High slits

Ever since Angelina Jolie popped her right leg out of her black velvet Atelier Versace gown at the 2012 Academy Awards, designers have included the high slit into several of their most coveted creations, and this season, bridal is no exception.

Similar to the detachable skirt, a gown featuring a high slit can look quite simple and demure upon first glance, but a little movement will reveal a sexier side to your bridal style. Slits on the side or the centre are apparent not only for the bride, but also the bridesmaid.

Ines di Santo and Inbal Dror both featured the thigh-high slits in their collections, turning what would be simple bridal gowns into sexy haute couture styles.

While the high slit adds extra movement to what would otherwise be a structured dress, keep in mind it could also showcase a little more than perhaps desired. If you’re tying the knot in a generally windy climate and plan on having the ceremony or photos taken outdoors, then the high slit may not be for you. No bride wants to have to keep her hands by her sides the entire day to avoid an embarrassing flash following an unexpected gust of wind.



Flutter sleeves

This design trend harks back to the retro days of all things flowing and free. Flutter sleeves are a whimsical bridal element which fits in nicely with a simple silhouette.

Lightweight fabrics, including lace and gossamer, are key to creating this flirty flutter. Intricate details in the sleeves kick the look up a notch and create a Secret Garden vibe to an otherwise dull detail.

US-based designer, Sarah Seven, and North American bridal retailer, David’s Bridal, featured flutter sleeves in their designs. The fairy-like gowns attract the casual yet contemporary bride who desire a simple yet stylish and romantic alternative to the traditional plain gown.

Several designers, including Claire Pettibone and Alon Livne, pair the flutter sleeve with a deep-V neckline to include a sensual element to what would otherwise be a more covered-up bridal look.



Off-the-shoulder gowns are once again sweeping the bridal fashion world and we are big fans of this sexy yet sophisticated style. This trend dates back to the Victorian era when bridal royalty would enter the large cathedral hallows donning a shoulder- bearing, elegant, one-of-a-kind gown.

Fast-forward to modern day as top designers of 2016, including Anne Barge, Monique Lhuillier and Lela Rose, all wowed the runways in off-the- shoulder styles. From the classic princess ball gown to a simple A-line style, off-the-shoulder works on a number of silhouettes and adds an element of timeless elegance.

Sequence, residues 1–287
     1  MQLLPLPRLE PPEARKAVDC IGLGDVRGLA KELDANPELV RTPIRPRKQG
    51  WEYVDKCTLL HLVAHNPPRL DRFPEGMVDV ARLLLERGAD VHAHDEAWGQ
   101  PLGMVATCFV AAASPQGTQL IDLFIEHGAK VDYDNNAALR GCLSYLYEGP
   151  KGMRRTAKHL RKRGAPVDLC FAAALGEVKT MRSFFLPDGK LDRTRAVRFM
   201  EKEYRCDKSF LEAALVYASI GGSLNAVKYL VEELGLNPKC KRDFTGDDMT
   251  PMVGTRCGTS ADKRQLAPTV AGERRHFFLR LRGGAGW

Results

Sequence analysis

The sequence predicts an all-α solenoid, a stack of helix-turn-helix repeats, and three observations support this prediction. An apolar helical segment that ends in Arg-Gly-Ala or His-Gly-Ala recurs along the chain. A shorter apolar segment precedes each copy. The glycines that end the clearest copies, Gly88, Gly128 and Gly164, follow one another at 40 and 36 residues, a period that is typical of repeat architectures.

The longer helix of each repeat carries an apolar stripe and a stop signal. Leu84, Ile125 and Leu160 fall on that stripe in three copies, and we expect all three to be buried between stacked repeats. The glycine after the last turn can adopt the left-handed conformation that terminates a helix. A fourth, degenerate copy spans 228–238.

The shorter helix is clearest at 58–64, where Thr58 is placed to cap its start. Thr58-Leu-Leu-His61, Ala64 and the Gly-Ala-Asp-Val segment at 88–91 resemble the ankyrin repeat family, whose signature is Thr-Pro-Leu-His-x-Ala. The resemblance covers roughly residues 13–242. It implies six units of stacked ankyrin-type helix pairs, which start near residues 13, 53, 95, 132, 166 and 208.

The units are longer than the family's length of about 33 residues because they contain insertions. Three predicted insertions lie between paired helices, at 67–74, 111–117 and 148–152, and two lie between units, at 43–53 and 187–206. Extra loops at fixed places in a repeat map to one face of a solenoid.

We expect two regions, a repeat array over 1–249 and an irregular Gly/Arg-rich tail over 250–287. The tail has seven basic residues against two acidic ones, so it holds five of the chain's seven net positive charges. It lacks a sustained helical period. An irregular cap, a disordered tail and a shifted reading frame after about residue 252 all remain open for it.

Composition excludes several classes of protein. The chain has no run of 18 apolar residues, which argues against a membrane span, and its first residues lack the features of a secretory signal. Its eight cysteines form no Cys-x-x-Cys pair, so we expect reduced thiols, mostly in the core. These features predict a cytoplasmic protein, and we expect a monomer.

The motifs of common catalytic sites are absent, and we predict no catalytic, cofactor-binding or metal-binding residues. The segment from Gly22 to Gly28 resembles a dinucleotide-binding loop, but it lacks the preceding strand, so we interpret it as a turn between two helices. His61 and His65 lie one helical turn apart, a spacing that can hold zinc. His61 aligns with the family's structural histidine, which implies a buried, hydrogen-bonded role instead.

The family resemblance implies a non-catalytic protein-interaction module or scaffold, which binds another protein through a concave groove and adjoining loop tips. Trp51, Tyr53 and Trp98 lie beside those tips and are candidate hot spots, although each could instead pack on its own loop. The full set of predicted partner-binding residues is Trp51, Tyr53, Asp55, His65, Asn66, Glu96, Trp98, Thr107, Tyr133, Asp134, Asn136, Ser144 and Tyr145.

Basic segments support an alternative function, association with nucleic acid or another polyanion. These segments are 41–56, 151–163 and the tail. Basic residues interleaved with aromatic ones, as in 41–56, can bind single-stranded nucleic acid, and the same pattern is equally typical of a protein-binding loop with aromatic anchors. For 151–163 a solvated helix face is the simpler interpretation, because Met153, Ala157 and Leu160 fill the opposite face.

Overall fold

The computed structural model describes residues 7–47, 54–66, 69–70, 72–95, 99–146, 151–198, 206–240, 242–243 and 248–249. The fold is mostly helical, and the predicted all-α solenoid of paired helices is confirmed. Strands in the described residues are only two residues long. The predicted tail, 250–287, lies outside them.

Necklines also vary with off-the- shoulder gowns, and this season we’re loving the plunging-V and the contrasting straight-across structured styles.

Simple is no longer boring and there’s something for everyone in this season’s most swoon-worthy designs. Daring yet demure top our bridal charts and we’re loving the added elements to once simple silhouettes. Explore your options to find the gown that is simply sexy, simply sophisticated, and, most importantly, simply “you.” W

DIY Wedding Possibilities

diy wedding

DIY wedding

One scroll through a wedding-themed Pinterest board is all you need to tell you that DIY wedding inspiration is all the rage right now, and for good reason. Making some of your own wedding items lets you add a personal and unique touch to your special day; it can also save you a lot of money. While there are many great homemade elements you can add to your wedding, you don’t want to over-DIY it and end up a stressed mess. You also don’t want to wind up with “Pinterest Fail” memories. Here are some DIY wedding options to consider:


Buying a pre-priced invitation package can be spendy, especially if you want a personalized look. Making your own invitations can be a cost-cutting option, particularly if you’ve got time, artistic flare and a very clear idea in mind. If you want to make them fancier or more personalized, Better Homes and Gardens suggests using handmade or textured paper, layering patterns, using embellishments like buttons, lace or a personalized stamp. The possibilities are endless, and there is no shortage of inspiration on the Internet. However, it might be good to figure out the theme and color scheme you want at your wedding first so you can coordinate the send-outs. Also, give yourself enough time so that if your homemade creations are underwhelming, it’s not to late to get them professionally done.